Film Review: The Danish Girl

Eddie Redmayne  - Film Review: The Danish Girl
Vogue, Vogue. © Cover Media

“I think Lily’s thoughts, I dream her dreams. She was always there.”

He swept the floor during this year’s award season thanks to his portrayal of Stephen Hawking in The Theory of Everything, and 2016 looks set to be another triumph for Eddie Redmayne.

His turn as artist Einar Wegener, the first known person to undergo sex reassignment surgery to become Lili Elbe, is arguably one of the most raw, emotional performances of his career. While Theory has hints of humour throughout and the viewers know what to expect (after all, Hawking defined all odds and is still alive today), The Danish Girl sees Redmayne take on the biggest challenge of his life; acting as a female.

Einar is famed for his landscape paintings, while his wife and fellow artist Gerda is still trying to get her portrait work recognised by the big shots in Copenhagen. When a model drops out of posing for one of her paintings, Gerda turns to her husband for help in finishing the masterpiece – all he has to do is slip on some stockings and ballet shoes. The whole scenario proves amusing for Einer, but when he has to hold a dress up against himself, something inside stirs.

It’s clear this isn’t something new for the painter and when refusing to attend an artist’s ball held by his wife’s friend Oola (Amber Heard), Gerda suggests he goes in disguise to avoid attention.

Lili shall go to the ball! But little does Gerda know that this move will change her husband’s life forever, especially when their mutual friend Henrik (Ben Whishaw) goes in for a kiss with Lili. Soon Einar can’t be himself anymore as Lili has taken over: “I think Lily’s thoughts, I dream her dreams. She was always there.”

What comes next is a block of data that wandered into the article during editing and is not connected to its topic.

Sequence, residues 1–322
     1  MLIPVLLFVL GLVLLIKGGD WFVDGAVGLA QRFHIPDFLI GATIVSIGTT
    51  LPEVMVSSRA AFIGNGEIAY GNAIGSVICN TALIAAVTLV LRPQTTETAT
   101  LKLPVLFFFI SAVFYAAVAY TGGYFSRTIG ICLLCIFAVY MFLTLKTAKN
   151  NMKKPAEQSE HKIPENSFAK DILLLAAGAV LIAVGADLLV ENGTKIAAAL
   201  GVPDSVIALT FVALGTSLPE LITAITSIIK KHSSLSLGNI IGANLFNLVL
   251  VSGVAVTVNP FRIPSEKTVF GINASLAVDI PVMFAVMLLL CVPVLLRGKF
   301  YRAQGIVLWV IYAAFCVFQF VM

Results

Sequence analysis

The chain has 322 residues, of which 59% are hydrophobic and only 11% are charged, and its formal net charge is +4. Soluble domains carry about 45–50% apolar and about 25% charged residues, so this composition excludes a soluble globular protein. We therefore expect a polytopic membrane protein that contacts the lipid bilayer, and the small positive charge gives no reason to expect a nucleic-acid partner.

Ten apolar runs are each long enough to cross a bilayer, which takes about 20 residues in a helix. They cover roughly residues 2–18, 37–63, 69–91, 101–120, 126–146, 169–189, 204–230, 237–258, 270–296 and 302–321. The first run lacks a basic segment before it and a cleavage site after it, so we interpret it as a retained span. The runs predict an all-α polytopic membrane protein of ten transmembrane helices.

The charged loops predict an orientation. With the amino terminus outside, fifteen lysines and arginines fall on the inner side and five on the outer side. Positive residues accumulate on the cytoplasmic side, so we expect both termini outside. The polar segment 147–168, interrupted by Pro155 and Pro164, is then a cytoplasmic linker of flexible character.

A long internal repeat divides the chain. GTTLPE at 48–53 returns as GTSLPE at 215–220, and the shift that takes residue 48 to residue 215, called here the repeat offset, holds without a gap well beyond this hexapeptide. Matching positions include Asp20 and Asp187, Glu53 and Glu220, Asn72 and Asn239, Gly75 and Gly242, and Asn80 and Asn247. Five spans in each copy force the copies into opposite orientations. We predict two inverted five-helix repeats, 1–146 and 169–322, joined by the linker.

No one understands, and several doctors label him ‘insane’, so Gerda reaches out to Einar’s old friend Hans Axgil (Matthias Schoenaerts) for help after sensing something happened between the pair when they were younger. However it’s Oola who points the trio in the right direction when she suggests Einar visit women’s doctor Dr. Kurt Warnekros (Sebastian Koch), who is familiar with his situation having met a man suffering the same confusion before.

It’s a life-threatening series of surgeries that lie ahead for the artist, but his determination is strong and as he waves goodbye to his wife and friend at the train station before heading to Germany for the procedures, it’s hard not to well up.

Redmayne is as mind-blowing as always (Jupiter Ascending aside) and the much-talked about scene in which he tucks his manhood between his legs is done in a tasteful and natural way.

But arguably it’s Vikander’s performance which brings emotion to the whole tale as we witness her character make the biggest sacrifice of her life; letting her husband go forever, and living with Lili after her surgery. Her performance is effortless, despite it definitely being an emotional rollercoaster throughout filming.

© Cover Media

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